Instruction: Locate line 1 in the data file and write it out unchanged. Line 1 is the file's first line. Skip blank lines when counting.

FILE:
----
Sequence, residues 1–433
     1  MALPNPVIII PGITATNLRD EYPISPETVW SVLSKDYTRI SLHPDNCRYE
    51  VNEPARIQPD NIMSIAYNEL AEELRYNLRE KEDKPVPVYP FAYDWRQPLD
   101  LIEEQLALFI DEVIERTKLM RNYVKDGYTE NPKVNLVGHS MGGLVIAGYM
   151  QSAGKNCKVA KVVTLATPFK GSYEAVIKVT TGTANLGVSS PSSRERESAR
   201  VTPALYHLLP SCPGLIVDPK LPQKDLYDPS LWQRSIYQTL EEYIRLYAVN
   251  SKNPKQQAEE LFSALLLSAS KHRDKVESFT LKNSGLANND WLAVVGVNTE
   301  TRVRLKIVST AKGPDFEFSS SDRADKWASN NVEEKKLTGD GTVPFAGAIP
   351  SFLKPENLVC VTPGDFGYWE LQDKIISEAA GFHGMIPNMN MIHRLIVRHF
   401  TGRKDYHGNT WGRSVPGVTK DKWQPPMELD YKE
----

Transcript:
Sequence, residues 1–433